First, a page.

It has become a social media sensation and even led to a run on glue sales. We're talking slime — and not the green liquid Nickelodeon famously dumps on celebrities. And for many young people on YouTube, Instagram and Etsy, it's a moneymaker.
Of the more than 5 million posts on Instagram tagged with #slime, most depict brightly colored stuff filled with glitter and pigments of all kinds. So the slime of today is far more viscous and elaborate than that green liquid on Nickelodeon. Slime has become so popular that the American Chemical Society recently published a fact sheetabout it including a detailed scientific explanation for how the magic happens.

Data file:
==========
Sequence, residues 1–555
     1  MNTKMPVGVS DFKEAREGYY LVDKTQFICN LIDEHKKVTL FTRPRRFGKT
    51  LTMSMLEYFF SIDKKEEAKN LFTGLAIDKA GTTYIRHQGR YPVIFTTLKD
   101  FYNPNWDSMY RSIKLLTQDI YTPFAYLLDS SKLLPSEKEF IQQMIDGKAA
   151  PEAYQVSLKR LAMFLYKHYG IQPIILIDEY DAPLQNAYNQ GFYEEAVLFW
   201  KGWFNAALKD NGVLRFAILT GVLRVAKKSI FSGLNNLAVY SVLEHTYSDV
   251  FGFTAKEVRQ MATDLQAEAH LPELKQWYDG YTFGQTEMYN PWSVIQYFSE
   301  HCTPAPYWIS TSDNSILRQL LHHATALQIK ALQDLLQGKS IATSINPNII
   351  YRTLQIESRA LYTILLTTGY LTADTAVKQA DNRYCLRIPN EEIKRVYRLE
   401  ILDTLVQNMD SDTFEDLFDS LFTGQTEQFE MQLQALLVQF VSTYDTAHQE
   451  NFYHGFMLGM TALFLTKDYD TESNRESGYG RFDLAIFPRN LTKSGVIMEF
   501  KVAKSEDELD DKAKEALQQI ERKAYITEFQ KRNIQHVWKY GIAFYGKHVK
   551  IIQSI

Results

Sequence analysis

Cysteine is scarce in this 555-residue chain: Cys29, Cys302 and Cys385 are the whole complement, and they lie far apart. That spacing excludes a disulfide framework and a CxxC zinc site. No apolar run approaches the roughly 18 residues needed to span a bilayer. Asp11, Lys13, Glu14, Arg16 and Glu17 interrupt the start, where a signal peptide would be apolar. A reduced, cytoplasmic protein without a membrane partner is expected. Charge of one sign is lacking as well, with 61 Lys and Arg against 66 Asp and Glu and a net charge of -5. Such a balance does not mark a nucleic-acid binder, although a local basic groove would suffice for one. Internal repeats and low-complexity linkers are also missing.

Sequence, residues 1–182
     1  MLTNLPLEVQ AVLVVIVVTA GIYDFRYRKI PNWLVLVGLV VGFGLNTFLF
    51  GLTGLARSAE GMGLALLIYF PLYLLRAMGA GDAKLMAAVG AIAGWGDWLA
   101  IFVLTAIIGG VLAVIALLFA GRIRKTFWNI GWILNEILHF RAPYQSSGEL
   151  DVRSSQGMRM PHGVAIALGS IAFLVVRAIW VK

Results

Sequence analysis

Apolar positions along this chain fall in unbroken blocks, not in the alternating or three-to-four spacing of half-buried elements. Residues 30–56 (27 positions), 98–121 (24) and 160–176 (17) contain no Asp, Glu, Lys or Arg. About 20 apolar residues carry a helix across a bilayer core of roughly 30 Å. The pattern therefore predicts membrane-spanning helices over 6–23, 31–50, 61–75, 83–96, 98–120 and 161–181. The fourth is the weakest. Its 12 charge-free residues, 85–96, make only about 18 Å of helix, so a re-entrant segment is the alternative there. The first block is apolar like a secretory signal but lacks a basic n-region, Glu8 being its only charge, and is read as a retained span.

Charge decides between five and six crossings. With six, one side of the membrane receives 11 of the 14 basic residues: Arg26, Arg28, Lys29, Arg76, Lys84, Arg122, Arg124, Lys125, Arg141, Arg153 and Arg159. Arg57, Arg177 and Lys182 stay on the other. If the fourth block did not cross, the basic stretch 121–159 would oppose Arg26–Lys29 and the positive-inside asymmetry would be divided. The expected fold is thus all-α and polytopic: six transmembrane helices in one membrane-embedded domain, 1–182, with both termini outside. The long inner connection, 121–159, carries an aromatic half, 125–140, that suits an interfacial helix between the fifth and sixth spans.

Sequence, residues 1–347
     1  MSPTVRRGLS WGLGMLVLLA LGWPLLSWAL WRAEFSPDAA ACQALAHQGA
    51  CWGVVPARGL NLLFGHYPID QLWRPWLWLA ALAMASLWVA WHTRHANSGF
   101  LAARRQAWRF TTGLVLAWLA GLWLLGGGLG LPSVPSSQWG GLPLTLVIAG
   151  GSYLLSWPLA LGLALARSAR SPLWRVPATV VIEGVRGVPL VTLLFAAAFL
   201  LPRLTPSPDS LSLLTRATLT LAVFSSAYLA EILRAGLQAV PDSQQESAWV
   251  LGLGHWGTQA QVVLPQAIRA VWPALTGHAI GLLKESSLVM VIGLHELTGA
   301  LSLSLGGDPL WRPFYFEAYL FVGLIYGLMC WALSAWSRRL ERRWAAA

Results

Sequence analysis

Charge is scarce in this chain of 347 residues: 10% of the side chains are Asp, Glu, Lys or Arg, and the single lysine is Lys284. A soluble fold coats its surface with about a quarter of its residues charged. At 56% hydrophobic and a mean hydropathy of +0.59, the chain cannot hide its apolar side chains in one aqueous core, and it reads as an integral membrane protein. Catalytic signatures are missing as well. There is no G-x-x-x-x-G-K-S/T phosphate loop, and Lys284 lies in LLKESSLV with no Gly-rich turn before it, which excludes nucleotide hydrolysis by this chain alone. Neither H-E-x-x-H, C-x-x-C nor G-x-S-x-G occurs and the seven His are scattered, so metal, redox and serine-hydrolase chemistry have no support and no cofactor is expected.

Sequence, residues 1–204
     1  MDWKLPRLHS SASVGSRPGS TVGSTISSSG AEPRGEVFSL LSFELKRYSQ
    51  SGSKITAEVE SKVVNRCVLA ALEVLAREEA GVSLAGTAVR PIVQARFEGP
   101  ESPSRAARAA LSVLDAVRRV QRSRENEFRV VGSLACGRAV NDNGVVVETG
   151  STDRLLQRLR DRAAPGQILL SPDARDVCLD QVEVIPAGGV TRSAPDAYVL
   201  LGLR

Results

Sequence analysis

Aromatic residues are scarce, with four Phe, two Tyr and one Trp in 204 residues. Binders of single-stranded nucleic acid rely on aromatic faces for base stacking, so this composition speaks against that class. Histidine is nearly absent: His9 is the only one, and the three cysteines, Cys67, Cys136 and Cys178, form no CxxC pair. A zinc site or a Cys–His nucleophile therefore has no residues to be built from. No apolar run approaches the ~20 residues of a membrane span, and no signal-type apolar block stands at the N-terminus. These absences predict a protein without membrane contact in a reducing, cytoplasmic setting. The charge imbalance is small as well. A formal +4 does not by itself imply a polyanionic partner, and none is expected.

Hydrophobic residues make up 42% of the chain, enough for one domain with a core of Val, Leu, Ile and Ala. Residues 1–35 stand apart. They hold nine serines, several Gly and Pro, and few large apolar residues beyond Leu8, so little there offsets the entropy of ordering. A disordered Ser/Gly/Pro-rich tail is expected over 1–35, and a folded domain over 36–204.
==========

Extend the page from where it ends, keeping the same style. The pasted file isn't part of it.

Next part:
This gooey DIY toy is taking the Internet by storm, mostly in the form of Instagram videos showing only a set of hands squishing and stretching various types of slime.
Slime is also popular among YouTubers. In June, The New York Times did a profile on Karina Garcia, one of a handful of influencers considered to have started the trend. Known as the "slime queen," Garcia has just over 6 million subscribers and makes as much as $200,000 a month from sponsorships on her various slime recipe videos.